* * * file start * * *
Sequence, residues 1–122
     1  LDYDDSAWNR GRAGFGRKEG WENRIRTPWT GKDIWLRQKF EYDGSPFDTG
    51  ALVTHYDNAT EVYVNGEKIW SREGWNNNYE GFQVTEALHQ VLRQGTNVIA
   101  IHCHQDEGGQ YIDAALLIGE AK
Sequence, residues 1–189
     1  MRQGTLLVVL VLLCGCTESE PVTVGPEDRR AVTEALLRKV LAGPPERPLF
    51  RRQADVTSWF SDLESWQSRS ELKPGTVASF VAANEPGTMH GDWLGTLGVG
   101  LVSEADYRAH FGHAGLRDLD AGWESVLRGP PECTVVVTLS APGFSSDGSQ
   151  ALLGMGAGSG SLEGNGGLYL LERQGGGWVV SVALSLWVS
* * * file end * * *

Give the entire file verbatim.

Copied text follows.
Sequence, residues 1–122
     1  LDYDDSAWNR GRAGFGRKEG WENRIRTPWT GKDIWLRQKF EYDGSPFDTG
    51  ALVTHYDNAT EVYVNGEKIW SREGWNNNYE GFQVTEALHQ VLRQGTNVIA
   101  IHCHQDEGGQ YIDAALLIGE AK
Sequence, residues 1–189
     1  MRQGTLLVVL VLLCGCTESE PVTVGPEDRR AVTEALLRKV LAGPPERPLF
    51  RRQADVTSWF SDLESWQSRS ELKPGTVASF VAANEPGTMH GDWLGTLGVG
   101  LVSEADYRAH FGHAGLRDLD AGWESVLRGP PECTVVVTLS APGFSSDGSQ
   151  ALLGMGAGSG SLEGNGGLYL LERQGGGWVV SVALSLWVS